Truth be known, the Avs’ defense of their glorious NHL championship in 2022 ended at the victory parade.
After taking long and glorious gulps from the Stanley Cup, the Avalanche could never shake the hangover.
Gabe Landeskog, the best captain any hockey team could want, came up with a lame knee that stubbornly refused to heal.
Nazem Kadri took a well-deserved payday in free agency and took his mess-around-and-find-out attitude with him to Calgary.
Rather than getting down to the difficult task of building a dynasty, coach Jared Bednar was stuck endlessly trying to patch cracks in his lineup.
Although the Avs never surrendered to the grind, they also never regained that championship mojo, and after making a late run to win the Central Division, it felt like this team was already out of gas before the playoffs even began.
“We were kind of like a loaded gun. I felt like we weren’t ready to fire all year. We were always just reloading,” Cale Makar told me Monday, reminiscing about the failure to repeat as champs before the Avalanche hopped on a flight to Los Angeles, eager to drop the puck on a new season.
In retrospect, it seems clear now the Avs made the mistake after the championship of saying goodbye to Kadri then running it all back as best the NHL salary cap would allow.
Nobody asked me, but I think Chris MacFarland has taken a smarter approach during his second season as general manager by making more of an effort to re-invent and re-imagine what this team can be. The most potentially impactful moves: Adding veteran forwards Jonathan Drouin and Ryan Johansen to refortify the top two scoring lines.
“Your goal is always to win, and when you don’t, it stings,” Colorado defenseman Bo Byram said.
But after sending forward Valeri Nichushkin home from the playoffs and getting bounced in the opening round by the Kraken, how quickly these new-look Avs can get back in the chase for the Cup, much less embrace the bold ambition to be a dynasty, will depend first and foremost on Makar.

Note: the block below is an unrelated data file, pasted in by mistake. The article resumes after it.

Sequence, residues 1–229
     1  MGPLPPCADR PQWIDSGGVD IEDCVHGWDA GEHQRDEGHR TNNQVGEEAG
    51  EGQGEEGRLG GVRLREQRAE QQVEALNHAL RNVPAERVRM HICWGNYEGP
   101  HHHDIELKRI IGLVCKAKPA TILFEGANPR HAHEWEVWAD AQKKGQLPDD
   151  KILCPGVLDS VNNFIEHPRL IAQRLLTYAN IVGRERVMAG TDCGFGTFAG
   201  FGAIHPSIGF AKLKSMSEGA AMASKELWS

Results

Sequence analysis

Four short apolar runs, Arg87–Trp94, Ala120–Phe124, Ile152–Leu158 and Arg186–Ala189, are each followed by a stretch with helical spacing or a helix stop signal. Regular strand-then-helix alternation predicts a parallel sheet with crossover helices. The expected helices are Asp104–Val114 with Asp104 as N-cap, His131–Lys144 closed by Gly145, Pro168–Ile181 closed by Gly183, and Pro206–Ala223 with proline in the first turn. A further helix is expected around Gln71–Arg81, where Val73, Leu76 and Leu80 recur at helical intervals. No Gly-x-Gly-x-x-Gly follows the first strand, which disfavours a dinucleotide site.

OK, I have not forgotten how Nathan MacKinnon and Mikko Rantanen can light the lamp with goals. The big two on Colorado’s top line are perennial all-stars.
Makar, however, is a generational talent.
While the speed of MacKinnon can take the breath away of everybody at the rink, it is Makar who’s more likely to grow into one of the top 10 players at his position of all time.
What’s more: Although his cheeks still burn with the crimson glow of a child every time he finishes a shift, the 24-year-old is the most likely candidate to fill the leadership void in the dressing room that lingers with the prolonged absence of Landeskog, whose chronic health issues will cost the captain another season.
“We know we’re not going to win the Stanley Cup in Game 1. It’s a building process that you have to work through. And that’s what we did in our Cup year,” said Makar, who logged a workmanlike average of 26 minutes, 22 seconds of ice time per night last season but appeared in 60 of 82 regular-season games due to a hard-knock year of his own.
“That’s what we’re going to try to instill in our new guys. But coming here is not easy. Every day we’re going to compete and make each other better. We’re not just going to float around.”
The Avs have been remade. But have the dreams of a dynasty been truly rejuvenated?
“We should be a hungry group this year,” Bednar said.
On the ManningCast of the Raiders’ victory on Monday night against Green Bay in Las Vegas, Peyton and Eli Manning watched the Golden Knights raise the Stanley Cup they won last season for the pleasure of their diehard fans.
“The Avalanche are just letting the Knights have it for a year,” said PFM, who drank a cold beer from the Cup when the big silver chalice was in the Avs’ possession. “It’s coming back to Denver.”
We hear you, Payton. We’re all thirsty for another sip.